JRN338: The news graphics class
Spring semester, 2010 (SS10)

Wikispaces help

• Curriculum
Week 1: INTRO TO COURSE
Week 2: ILLUSTRATOR: MAPS
Week 3: ILLUSTRATOR: CHARTS



Week 1:


Wednesday, 1/1
INTRO TO COURSE

• Class expectations. Homework, format for naming and submitting graphics
• Talks: what is/isn't a graphic that communicates information.
• Break apart a graphic/page/website/motion graphic: type, color, map, chart, diagram, etc.
• Story about me exercise

Homework:
• Find an infographic that is legible, evaluate it and write a half page critique (approx. 250 words) of the graphic using your judgment as a typical reader (there is an example of a good critique under the Homework/Critique a Graphic tab at left):
Consider these issues:
What works, what doesn't.
What confused you?
What was left out?
What questions didn't it answer?
What do you think about the colors, the usability, the flow of information, the logic, the design.
Was it effective, instructive? Etc.
http://infographicsnews.blogspot.com/

Place critique and graphic into class wiki: Cut and paste your critique on the "Critique page" under the "Homework" link at left. At the top of your critique include your full name and a link to the largest (legible) version of the graphic you chose. (Do not embed the graphic itself on the page).




Week 2:

Wednesday, 1/8

• Review critique graphics
• Overview of class wiki site.
• Go to Wikspaces.com and create your Wikispaces site. Then, send a request to join this site (www.JRN303.wikispaces.com) by clicking on the "Join this Wiki" link at top-left navigation bar.

MAPS IN ADOBE ILLUSTRATOR
• Maps presentation
• Adobe Illustrator overview.
• Make a Michigan map
• Make a Lansing map

Homework:
• Finish up your Michigan and Lansing maps.
• Place both Michigan and Lansing maps into class wiki: Click on "Homework" link in navigation bar at left and select the "Map page" link. Using the "File" tab at top of page, insert your maps onto the "Map page" under the "Homework" link at left. Make sure you put your full name above your map in the type style shown.


Week 3:

Monday, 1/13
CHARTS IN ADOBE ILLUSTRATOR
• Charts presentation
• Make a bar, pie and line chart.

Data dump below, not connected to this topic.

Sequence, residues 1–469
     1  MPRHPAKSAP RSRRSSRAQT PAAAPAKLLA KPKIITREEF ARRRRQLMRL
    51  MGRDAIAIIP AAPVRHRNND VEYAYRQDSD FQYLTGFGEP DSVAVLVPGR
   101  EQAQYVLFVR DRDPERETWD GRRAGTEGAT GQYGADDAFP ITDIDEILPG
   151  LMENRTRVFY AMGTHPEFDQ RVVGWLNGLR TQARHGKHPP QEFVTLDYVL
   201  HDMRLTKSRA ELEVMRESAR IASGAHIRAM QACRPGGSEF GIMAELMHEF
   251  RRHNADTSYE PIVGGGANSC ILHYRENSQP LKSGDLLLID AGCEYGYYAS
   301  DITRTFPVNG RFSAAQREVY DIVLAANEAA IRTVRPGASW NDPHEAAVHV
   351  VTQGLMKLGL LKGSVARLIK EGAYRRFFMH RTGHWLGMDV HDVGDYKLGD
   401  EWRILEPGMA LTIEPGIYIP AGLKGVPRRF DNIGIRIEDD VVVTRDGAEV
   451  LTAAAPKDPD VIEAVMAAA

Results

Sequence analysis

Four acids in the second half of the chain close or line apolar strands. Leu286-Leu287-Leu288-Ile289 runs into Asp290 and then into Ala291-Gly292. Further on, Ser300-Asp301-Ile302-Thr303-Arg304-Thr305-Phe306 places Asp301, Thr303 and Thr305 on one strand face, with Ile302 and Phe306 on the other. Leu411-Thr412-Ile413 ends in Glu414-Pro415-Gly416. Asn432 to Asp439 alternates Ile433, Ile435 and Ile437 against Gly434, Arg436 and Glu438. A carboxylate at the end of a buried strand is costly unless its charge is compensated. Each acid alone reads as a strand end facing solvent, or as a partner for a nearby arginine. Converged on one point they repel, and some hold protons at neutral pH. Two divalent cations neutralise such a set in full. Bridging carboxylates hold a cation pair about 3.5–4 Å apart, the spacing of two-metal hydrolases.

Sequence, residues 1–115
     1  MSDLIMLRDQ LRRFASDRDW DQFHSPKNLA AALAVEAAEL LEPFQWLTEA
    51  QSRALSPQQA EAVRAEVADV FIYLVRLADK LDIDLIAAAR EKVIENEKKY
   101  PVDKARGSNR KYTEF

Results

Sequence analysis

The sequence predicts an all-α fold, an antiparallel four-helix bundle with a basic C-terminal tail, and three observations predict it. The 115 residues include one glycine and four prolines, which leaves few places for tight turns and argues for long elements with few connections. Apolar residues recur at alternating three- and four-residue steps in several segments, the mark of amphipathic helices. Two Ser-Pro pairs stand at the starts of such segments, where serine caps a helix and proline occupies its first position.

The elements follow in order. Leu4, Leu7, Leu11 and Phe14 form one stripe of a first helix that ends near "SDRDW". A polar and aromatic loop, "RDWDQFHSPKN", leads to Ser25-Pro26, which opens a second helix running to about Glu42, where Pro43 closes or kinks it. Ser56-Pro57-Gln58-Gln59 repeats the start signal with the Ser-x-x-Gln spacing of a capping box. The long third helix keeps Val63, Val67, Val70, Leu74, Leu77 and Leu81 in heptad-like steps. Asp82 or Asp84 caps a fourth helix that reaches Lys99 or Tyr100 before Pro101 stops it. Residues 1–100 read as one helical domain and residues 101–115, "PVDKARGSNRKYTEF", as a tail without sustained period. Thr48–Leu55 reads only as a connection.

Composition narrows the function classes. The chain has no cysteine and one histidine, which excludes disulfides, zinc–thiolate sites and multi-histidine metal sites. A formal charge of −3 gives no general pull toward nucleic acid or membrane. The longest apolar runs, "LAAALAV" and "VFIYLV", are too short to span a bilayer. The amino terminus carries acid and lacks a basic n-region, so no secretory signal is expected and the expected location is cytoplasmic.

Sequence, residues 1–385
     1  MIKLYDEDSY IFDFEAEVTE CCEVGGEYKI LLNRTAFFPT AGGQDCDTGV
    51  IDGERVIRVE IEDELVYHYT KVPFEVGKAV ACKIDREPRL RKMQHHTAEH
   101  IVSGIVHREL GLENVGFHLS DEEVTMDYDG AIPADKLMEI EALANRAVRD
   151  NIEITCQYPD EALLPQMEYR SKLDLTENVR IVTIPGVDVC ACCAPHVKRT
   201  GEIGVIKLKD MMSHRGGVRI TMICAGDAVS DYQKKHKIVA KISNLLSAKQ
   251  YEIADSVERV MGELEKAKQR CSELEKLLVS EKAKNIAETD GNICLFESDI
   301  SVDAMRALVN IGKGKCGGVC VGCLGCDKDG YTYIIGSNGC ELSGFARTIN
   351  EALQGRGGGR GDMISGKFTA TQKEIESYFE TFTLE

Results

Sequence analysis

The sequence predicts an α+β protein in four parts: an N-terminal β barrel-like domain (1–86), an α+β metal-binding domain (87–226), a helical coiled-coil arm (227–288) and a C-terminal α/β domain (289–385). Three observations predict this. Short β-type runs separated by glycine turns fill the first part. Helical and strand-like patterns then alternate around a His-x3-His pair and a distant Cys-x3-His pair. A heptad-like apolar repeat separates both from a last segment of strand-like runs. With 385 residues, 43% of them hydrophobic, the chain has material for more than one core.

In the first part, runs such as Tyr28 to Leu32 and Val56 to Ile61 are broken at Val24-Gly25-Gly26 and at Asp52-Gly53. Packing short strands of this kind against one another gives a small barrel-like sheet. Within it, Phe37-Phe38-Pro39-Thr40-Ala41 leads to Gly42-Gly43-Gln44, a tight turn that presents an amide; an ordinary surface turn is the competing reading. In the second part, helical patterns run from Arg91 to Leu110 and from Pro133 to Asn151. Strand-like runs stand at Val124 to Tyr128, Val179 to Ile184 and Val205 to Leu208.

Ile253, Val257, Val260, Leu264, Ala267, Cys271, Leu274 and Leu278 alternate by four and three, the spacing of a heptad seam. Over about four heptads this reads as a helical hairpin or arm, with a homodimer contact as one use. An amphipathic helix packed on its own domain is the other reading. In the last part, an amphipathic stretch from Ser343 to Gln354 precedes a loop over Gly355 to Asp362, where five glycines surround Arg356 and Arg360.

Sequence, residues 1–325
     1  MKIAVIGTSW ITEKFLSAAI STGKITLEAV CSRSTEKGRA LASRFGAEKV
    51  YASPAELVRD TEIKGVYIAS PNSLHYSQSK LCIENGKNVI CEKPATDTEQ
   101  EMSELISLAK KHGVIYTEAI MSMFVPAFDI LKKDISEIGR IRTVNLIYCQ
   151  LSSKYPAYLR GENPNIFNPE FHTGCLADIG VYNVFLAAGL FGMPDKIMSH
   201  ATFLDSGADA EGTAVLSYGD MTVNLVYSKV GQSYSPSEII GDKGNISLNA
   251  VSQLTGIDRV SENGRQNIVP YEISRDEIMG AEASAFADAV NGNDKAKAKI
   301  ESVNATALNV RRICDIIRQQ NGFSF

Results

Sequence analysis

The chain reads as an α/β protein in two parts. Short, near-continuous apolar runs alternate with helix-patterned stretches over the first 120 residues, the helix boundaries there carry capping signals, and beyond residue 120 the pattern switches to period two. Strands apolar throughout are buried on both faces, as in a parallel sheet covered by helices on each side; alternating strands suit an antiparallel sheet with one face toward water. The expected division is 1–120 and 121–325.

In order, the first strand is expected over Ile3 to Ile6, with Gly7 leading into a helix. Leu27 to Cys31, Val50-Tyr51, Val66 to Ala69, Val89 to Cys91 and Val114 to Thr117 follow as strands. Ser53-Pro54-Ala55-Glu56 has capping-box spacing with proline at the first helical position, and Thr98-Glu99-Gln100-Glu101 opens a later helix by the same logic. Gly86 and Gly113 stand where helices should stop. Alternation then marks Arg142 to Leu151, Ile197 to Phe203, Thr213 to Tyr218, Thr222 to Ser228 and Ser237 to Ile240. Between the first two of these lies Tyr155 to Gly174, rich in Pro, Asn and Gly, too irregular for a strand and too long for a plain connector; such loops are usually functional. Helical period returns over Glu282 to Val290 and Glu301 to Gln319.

• Package three charts together

Homework:
Find data pertaining to a topic (cancer, home prices, newspaper sales, etc.) and plot three charts. Package them together with a headline and subhead. Include a source line at the bottom.

If needed, refresher tutorials:
How to make a bar chart in Adobe Illustrator, Part 1
How to make a bar chart in Adobe Illustrator, Part 2




Wednesday:


DRAWING IN ADOBE ILLUSTRATOR
http://vector.tutsplus.com/tutorials/tools-tips/illustrators-pen-tool-the-comprehensive-guide/
• Trace/label an object
• Isometric drawing

Homework:
• Finish your isometric drawing, color and label
• Upload to wiki (page name: Isometric drawing in Illustrator)

Also:
• Do this Illustrator type tutorial
Illustrator type tutorial, Part 1
Illustrator type tutorial, Part 2



Week 3: 1/25




GRAPHIC DESIGN

Monday:
• Presentation/discussion: Graphic design
  • basic principles: balance, hierarchy, proximity, alignment, consistency, contrast, white space
  • on design principles.


Homework:
• Assemble a single page or ad design using the elements from three different magazine pages or ads.

Wednesday:
• Working with type and the grid. terminology, kerning, leading, letter spacing, paragraph width, accent, point size, hierarchy, typeface, font, family, serif, san serif, color, condensed, regular, bold. http://www.designingwithtype.com/5/home.php
Presentation/discussion: Graphic design: Proximity, visual hierarchy, symmetry/asymmetry, repetition, unity, contrast, dynamics, emphasis)
• Position shapes in InDesign to reflect the placements discussed in class
• Overview of InDesign.

Homework:



Week 4: 2/1 (turn in sketchbooks)

INFORMATION GRAPHICS

Monday:
• Review Alaska ads
• Presentation/discussion:
  • Benefits of visualizing information. Ways to communicates information visually. Types of graphics: map, chart, diagram, etc.
  • Elements of information design and graphics: Tufte. Redundancy, multiples, storytelling, cause and effect, comparing and contrasting, grouping, sorting, connecting, etc.,

Homework:
• Using InDesign, create a five-page document illustrating some aspect of "you" utilizing the following five elements. Do not design into a layout. Once concept per page:
  1. compare and contrast
  2. cause and effect
  3. measure
  4. locate
  5. group

Wednesday:
• Organize the homework elements into a single graphic. Label.

Homework:
• Design an 8 1/2" x 11 " horizontal or vertical description about an object that explains it. Use photographic images from Google, adhere to a grid structure, no superfluous ornament, use a sans serif typeface
• Upload wiki (page name: Object layout) (Make sure to save as a PDF file with your full name!)


Week 5: 2/8, 2/10

THE COMPUTER DRAWN IMAGE

Monday:• Adobe Illustrator overview.
• Draw elements in Adobe Illustrator.
http://vector.tutsplus.com/tutorials/tools-tips/illustrators-pen-tool-the-comprehensive-guide/

Homework:
• Illustrator tutorial

Wednesday:
Adobe Illustrator: isometric drawing

Homework:
• Finish your isometric drawing, color and label
• Upload to wiki (page name: Isometric drawing in Illustrator)


Week 6: 2/15, 2/17 (turn in sketchbooks)

QUANTIFYING WITH CHARTS

Monday: